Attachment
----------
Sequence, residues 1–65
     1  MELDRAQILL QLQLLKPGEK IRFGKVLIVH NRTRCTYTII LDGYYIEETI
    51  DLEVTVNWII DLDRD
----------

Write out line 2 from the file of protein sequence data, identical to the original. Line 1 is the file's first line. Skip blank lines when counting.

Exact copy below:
     1  MELDRAQILL QLQLLKPGEK IRFGKVLIVH NRTRCTYTII LDGYYIEETI